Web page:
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75 Most Common NYC Birds (Photos & ID)

If you live in New York City, you don’t have to travel far and wide to see the city’s most common birds! Every year, millions of birds either pass or stay in NYC, allowing birdwatchers to admire their beauty.

Here are just a few of the bird species you’re likely to encounter in NYC: common loons, turkey vultures, barred owls, great blue herons, red-eyed vireos, blue jays, ospreys, and bald eagles.

Some of them like blue jays and great blue herons can be seen there year-round, while others like the common loon, will stay only for the winter.

What Are Some Of The Most Popular Birding Spots In New York City? 

New York City has an excellent geographical location – it is located on the Atlantic Flyway, a group of migratory paths that many species of birds follow during spring and fall.

Popular birding spots in NYC include Central Park in Manhattan, Highland Park in Queens, Pelham Bay Park in the Bronx, Prospect Park in Brooklyn, Mount Loretto Unique Area on Staten Island, and many others.

In case you go birdwatching in the Bronx, you will find over 200 bird species in Van Cortlandt Park! Bronx’s Pelham Bay Park is NYC’s largest park and is famous for owl and osprey watching. 

Brooklyn‘s Prospect Park is home to over 200 bird species that occupy this 526-acre park; Marine Park, Brooklyn’s largest park, is also filled with different waterfowl and other 300 bird species. 

Manhattan‘s Central Park is one the most popular birding spot in NYC and has over 230 bird species throughout the year. Inwood Hill Park is another great birding place in Manhattan to see different songbirds, belted kingfishers, owls, herons, and other species. 

The most popular birding places in Queens are the Highland and Forest Park, great options in case you want to spot eagles, falcons, hawks, and different warblers during their spring migration. 

On Staten Island‘s Clove Lakes Park and The Greenbelt, you will see hawks, cardinals, woodpeckers, white-breasted nuthatches, egrets, herons, ducks, kingfishers, and many many other birds. 

List Of NYC Birds

1. Common Loon

common loon
  • Scientific Name: Gavia immer

Common loons are large diving waterbirds with rounded heads and dagger-like beaks. 

During summer, adults are black above, white below, and have black heads and bills, and black-and-white spots on their backs. When the non-breeding season comes, the dramatic black and white colors will change into a winter plumage of dull dark gray with white on the front of the neck and breast. 

Common loons can be seen in NYC during their nonbreeding season. The best time to see them there is around late fall when they are fairly common there. Gerritsen Creek, a freshwater creek in Marine Park in Brooklyn, is a great place to spot them.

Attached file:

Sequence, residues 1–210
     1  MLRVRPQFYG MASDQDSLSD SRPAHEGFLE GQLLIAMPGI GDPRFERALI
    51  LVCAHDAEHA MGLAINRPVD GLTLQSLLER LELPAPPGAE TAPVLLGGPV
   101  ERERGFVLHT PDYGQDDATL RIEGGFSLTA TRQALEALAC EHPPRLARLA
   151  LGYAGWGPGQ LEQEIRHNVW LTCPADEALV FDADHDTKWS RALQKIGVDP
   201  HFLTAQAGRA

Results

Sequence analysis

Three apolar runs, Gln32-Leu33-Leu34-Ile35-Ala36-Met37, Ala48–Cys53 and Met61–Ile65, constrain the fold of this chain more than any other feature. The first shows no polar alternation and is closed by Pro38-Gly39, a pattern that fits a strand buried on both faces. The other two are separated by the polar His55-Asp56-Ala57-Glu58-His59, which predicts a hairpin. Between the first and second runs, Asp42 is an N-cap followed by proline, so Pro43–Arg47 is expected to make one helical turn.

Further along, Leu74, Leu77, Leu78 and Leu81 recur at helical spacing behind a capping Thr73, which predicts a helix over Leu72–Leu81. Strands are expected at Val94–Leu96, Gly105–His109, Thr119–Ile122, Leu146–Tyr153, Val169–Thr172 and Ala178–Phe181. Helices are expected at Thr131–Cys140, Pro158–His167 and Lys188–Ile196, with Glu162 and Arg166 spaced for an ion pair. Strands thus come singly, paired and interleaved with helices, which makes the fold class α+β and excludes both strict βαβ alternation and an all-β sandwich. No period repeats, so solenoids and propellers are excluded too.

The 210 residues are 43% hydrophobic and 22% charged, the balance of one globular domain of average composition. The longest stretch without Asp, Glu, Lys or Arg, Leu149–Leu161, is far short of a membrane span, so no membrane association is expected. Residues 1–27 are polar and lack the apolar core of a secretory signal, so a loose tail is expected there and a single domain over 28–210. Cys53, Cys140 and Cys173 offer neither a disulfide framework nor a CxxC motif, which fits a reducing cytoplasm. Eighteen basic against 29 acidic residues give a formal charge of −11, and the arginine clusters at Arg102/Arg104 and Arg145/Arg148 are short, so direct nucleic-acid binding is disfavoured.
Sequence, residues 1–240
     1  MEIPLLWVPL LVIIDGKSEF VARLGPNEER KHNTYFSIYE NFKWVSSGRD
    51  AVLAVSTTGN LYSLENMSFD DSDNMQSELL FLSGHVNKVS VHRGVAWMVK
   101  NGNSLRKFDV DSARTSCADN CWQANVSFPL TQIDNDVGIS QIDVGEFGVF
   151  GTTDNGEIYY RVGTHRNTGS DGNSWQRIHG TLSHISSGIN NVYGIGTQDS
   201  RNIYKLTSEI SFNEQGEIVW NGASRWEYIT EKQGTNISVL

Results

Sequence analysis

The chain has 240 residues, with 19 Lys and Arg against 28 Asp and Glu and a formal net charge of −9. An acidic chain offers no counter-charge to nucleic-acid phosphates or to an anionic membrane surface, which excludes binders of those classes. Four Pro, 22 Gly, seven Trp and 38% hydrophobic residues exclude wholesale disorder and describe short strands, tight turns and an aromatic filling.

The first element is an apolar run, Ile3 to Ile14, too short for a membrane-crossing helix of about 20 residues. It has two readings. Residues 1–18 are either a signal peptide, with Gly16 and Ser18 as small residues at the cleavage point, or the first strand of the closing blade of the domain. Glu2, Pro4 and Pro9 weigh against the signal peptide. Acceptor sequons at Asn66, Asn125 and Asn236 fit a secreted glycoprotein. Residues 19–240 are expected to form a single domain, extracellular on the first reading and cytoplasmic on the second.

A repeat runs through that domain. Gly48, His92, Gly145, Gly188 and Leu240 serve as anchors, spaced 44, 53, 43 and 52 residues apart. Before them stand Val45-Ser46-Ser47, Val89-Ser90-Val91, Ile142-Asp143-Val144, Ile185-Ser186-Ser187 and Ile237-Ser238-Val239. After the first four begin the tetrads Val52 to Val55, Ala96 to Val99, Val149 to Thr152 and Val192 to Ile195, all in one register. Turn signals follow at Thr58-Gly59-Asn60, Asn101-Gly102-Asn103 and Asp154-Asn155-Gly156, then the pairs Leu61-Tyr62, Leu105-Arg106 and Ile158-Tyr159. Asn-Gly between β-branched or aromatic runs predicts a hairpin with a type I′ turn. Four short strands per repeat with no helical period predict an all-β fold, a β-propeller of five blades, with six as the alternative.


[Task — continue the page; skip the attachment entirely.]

Common loons breed in Canada, the Northern and Northeastern USA, and southern parts of Greenland and Iceland. After that, they migrate to their wintering grounds on both US coasts down to Mexico, and on the Atlantic coast of Europe. 

Fun Fact: Common loons are excellent divers that can stealthily submerge without a splash to catch fish, go over 200 feet below the water’s surface, stay there for up to 5 minutes, and swallow their prey underwater. 

2. Northern Gannet

Northern Gannets at a sea colony
  • Scientific Name: Morus bassanus

Northern gannets are the largest gannet species in New York City. Adults measure from 34 to 39 inches long and have a massive wingspan of up to 71 inches. 

These huge birds are mostly white with dark wingtips and cream-colored heads and necks – that color becomes more prominent during the breeding season. Identify them also by their long pointed beaks, wings, and tails. 

Northern gannets are most common to see in NYC from late fall to spring. They spend most of their life at sea, but close to the land which means you might spot them from the shores. 

Fun Fact: Northern gannets have an interesting way of hunting where they dive like a torpedo into the water to grab fish. Thanks to their sharp vision, northern gannets can detect prey underwater, and due to their eye adaptations, they can see well immediately after going underwater. 

3. Double-crested Cormorant

long eyebrows of a double crested cormorant
  • Scientific Name: Phalacrocorax auritus

Double-crested cormorants are large black water birds commonly found around bays, lakes, ponds, canals, and marshes. 

Double-crested cormorants are permanent residents of NYC and you can easily see them there throughout the year. Gerritsen Creek is a great place to go looking for them.

They are the most widespread cormorant species in North America and can be recognized by their jet-black plumage, small heads, long necks, and thin, strongly hooked orange beaks

Their most common call is a deep guttural grunt that resembles a pig oinking. When the breeding season starts, males will develop bushy white eyebrows (feathery tufts).